Extended High-frequency Audiometry and Distortion Product Otoacoustic Emissions in Normal-hearing Patients with Unilateral Tinnitus

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Some tinnitus patients have normal hearing on the conventional audiogram. It has been suggested that the presence of a limited area of damaged outer hair cells (OHCs) with intact inner hair cells, which is not detected on the audiogram, results in unbalanced neural activity between Type I and Type II fibers leading to tinnitus. Distortion product otoacoustic emissions (DPOAEs) provided ambiguous data of OHC function in normal-hearing tinnitus patients when compared to non-tinnitus controls. It is known that hearing loss in the extended high frequency (EHF) region may decrease DPOAEs evoked at lower frequencies. Results of EHF audiometry in tinnitus patients are limited. The aim of the study was to evaluate DPOAEs and EHF thresholds in normal-hearing patients reporting unilateral tinnitus in left ear. Thus, each subject acted as their own control. Data were obtained for 25 subjects with bilateral hearing thresholds 3dB. Median audiometric data showed that thresholds in the left ears were significantly higher than those in the right ears at all four EHFs. Mean DPOAE levels of the left ears were lower than those of the right ears in the frequency range above 1 kHz. Additionally, a paired-comparison test of DPOAE levels of each patient’s right and left ear revealed significant differences at 6, and 8 kHz. The results indicate that: 1. OHC impairment in the most basal region reduces contribution to more apically generated DPOAEs; 2. OHC impairment in a limited area, which may be revealed by DPOAEs but not by conventional audiometry, can contribute to tinnitus generation; and 3. patients with unilateral tinnitus and normal hearing on the conventional audiogram are likely to demonstrate hearing loss in the EHF region.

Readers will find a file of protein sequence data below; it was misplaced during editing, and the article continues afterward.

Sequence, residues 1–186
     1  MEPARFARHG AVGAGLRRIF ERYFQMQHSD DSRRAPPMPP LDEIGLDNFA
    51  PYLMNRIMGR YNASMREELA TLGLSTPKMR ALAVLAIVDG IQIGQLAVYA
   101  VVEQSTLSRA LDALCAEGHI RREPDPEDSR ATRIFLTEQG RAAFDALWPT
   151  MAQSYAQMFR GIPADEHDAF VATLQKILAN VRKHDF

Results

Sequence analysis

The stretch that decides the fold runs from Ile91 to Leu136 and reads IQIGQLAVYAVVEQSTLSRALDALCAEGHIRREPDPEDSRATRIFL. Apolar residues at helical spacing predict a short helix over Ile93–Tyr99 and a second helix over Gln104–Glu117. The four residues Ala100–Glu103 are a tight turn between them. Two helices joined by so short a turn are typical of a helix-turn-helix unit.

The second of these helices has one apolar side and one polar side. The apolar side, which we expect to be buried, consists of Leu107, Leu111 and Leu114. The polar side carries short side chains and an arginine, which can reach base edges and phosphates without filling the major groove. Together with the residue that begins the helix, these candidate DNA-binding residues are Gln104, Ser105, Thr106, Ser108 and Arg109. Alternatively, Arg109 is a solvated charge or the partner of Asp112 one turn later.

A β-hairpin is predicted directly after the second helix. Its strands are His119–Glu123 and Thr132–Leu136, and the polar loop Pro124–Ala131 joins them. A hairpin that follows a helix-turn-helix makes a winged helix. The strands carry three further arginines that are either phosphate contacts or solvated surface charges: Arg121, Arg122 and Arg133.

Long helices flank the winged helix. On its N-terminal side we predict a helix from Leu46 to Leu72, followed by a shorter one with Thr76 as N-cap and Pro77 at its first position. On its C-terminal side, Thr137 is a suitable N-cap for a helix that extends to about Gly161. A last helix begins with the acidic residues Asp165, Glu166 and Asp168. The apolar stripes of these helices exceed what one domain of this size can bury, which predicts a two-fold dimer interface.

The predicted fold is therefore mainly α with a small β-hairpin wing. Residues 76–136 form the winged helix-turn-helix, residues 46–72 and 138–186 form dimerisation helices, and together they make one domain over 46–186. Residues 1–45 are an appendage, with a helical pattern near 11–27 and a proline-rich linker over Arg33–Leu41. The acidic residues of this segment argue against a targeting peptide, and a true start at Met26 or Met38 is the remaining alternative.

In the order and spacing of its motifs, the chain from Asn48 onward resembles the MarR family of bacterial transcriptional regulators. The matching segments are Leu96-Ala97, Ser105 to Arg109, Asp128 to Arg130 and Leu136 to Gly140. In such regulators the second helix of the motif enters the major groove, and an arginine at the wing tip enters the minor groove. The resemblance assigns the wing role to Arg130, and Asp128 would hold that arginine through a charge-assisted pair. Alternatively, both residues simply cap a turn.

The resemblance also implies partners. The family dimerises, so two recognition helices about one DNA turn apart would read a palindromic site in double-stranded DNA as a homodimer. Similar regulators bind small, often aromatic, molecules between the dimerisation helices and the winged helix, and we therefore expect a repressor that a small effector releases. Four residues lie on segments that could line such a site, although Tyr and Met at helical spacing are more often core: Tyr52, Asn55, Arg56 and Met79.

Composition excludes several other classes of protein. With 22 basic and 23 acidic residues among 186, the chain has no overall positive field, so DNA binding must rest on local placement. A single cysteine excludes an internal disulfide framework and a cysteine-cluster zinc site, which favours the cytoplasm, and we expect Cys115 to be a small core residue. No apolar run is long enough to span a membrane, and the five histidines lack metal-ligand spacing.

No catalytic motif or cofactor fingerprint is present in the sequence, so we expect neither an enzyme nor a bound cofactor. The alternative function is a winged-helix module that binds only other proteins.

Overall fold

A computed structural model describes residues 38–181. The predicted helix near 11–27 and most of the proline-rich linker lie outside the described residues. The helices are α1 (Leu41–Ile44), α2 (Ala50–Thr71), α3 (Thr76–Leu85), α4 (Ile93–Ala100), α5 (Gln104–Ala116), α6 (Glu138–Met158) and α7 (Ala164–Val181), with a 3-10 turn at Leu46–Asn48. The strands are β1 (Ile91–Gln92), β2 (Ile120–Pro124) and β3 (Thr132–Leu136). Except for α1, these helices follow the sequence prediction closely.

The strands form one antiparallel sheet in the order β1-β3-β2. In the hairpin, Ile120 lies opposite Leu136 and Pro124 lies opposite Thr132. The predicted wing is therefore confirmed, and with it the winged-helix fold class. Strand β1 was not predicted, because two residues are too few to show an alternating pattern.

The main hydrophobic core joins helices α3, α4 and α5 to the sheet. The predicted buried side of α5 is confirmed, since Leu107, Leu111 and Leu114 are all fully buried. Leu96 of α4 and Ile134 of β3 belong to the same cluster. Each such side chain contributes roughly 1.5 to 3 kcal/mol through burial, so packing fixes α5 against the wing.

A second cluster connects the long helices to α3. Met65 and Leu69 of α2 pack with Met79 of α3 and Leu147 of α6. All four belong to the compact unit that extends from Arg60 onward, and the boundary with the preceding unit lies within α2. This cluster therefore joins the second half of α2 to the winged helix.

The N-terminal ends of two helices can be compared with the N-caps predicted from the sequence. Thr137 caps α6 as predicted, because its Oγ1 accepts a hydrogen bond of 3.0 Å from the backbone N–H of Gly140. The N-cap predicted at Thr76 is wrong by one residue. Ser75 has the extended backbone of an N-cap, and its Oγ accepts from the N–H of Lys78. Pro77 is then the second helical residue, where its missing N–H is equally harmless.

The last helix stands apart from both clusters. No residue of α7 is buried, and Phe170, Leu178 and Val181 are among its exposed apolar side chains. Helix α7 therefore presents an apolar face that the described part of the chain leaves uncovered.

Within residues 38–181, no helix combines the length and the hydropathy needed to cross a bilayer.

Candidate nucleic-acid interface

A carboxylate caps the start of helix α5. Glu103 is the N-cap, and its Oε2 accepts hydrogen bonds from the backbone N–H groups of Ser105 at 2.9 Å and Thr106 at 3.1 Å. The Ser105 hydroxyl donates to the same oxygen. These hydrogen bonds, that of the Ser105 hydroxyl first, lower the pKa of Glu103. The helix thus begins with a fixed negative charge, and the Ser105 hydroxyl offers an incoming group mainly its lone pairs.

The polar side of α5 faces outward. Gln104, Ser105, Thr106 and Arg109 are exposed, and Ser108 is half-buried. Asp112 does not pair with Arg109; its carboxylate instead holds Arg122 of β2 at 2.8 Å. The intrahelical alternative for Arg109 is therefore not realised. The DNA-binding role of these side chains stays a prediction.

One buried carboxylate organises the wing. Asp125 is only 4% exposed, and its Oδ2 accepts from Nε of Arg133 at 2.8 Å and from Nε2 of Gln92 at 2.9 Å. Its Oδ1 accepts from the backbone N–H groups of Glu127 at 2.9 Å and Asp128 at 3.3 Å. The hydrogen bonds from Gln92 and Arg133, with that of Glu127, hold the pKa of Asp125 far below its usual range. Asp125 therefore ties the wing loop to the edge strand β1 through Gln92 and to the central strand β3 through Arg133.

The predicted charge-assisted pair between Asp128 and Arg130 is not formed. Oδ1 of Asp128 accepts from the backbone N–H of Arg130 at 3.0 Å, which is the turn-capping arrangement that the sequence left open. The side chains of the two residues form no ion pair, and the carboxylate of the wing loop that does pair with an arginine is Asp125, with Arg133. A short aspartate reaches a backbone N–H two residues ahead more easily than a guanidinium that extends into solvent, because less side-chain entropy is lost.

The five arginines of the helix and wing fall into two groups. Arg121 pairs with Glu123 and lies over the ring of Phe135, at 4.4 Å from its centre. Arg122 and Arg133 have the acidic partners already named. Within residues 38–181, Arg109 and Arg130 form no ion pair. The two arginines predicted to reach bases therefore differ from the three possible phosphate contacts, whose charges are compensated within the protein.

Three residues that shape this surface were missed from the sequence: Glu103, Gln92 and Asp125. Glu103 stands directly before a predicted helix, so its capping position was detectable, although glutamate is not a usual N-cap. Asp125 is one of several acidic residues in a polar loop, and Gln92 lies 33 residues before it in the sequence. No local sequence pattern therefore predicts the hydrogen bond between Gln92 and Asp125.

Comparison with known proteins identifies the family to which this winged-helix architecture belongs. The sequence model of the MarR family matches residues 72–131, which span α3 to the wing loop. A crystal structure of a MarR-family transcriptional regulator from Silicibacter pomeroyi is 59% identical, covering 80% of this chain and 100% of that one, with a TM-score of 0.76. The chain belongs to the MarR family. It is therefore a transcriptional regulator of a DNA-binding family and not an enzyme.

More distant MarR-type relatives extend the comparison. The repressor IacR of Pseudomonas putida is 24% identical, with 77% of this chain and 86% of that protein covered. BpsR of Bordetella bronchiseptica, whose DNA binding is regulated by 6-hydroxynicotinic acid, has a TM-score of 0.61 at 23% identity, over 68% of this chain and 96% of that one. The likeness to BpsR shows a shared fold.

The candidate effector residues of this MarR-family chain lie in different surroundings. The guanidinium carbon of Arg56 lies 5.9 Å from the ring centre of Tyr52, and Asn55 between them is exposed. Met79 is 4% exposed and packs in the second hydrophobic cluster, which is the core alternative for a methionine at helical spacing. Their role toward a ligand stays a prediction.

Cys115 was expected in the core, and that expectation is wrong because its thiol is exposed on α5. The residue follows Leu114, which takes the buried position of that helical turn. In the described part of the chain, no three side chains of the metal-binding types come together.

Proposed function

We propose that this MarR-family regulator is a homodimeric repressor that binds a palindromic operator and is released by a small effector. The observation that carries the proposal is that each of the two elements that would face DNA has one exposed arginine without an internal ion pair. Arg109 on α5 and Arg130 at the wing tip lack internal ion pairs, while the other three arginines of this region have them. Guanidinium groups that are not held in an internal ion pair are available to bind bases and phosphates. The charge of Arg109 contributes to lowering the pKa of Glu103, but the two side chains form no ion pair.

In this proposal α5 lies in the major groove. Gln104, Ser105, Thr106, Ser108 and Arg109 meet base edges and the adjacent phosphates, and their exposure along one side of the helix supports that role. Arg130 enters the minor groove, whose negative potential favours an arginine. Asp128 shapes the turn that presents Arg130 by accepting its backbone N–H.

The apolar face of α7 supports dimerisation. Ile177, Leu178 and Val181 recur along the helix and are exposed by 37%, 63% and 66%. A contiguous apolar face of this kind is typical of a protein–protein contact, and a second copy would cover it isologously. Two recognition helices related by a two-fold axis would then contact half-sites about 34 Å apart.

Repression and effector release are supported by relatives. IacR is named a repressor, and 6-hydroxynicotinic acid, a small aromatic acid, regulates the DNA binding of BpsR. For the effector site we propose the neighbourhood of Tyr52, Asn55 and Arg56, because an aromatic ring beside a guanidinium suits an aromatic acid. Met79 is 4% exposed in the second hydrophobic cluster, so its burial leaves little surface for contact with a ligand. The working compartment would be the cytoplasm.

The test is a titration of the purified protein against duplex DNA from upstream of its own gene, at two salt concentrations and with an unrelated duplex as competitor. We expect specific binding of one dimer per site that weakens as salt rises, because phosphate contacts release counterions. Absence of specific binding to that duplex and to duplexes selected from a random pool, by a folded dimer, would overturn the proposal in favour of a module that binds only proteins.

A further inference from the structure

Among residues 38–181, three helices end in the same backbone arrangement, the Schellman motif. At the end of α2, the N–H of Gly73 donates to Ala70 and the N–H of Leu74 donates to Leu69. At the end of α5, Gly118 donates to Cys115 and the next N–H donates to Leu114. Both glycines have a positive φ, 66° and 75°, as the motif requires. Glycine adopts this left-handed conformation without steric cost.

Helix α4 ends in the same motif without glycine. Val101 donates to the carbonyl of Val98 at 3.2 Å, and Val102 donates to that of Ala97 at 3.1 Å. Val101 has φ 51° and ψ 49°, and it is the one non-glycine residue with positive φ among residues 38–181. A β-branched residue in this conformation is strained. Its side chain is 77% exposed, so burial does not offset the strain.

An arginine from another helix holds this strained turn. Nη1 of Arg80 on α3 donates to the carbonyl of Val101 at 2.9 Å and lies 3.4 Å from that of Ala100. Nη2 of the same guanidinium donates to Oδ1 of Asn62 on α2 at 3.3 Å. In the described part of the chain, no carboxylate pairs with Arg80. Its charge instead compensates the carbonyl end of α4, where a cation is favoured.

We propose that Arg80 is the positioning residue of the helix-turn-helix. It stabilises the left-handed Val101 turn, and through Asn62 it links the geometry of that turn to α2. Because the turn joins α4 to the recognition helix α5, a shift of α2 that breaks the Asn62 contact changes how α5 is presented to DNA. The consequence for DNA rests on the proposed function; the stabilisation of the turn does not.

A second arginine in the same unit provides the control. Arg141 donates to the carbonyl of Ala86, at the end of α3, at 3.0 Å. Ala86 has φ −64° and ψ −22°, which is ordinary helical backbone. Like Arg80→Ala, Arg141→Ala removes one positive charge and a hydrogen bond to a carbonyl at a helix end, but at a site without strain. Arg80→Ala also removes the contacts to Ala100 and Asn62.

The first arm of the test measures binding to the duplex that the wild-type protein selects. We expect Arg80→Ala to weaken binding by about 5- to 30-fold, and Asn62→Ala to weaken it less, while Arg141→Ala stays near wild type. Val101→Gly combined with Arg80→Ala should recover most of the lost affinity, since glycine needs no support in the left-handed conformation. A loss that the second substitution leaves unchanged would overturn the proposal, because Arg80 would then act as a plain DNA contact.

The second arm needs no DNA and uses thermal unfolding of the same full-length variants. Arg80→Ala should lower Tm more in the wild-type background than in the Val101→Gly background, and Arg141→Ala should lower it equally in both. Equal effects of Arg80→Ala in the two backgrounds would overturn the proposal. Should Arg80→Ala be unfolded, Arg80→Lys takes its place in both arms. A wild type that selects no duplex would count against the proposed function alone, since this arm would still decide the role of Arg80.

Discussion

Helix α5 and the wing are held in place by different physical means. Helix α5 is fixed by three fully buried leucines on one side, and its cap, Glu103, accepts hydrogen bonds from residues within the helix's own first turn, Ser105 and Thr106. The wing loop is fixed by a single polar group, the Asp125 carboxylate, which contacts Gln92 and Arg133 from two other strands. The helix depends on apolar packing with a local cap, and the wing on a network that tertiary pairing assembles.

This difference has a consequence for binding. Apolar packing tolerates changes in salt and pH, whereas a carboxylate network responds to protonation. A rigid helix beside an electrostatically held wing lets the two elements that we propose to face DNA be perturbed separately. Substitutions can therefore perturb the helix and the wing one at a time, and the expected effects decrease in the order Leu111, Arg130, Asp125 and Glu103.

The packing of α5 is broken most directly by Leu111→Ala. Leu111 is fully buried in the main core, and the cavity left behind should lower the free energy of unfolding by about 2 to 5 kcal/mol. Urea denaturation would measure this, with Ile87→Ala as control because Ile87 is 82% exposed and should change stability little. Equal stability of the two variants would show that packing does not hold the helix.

Stresa, Italy

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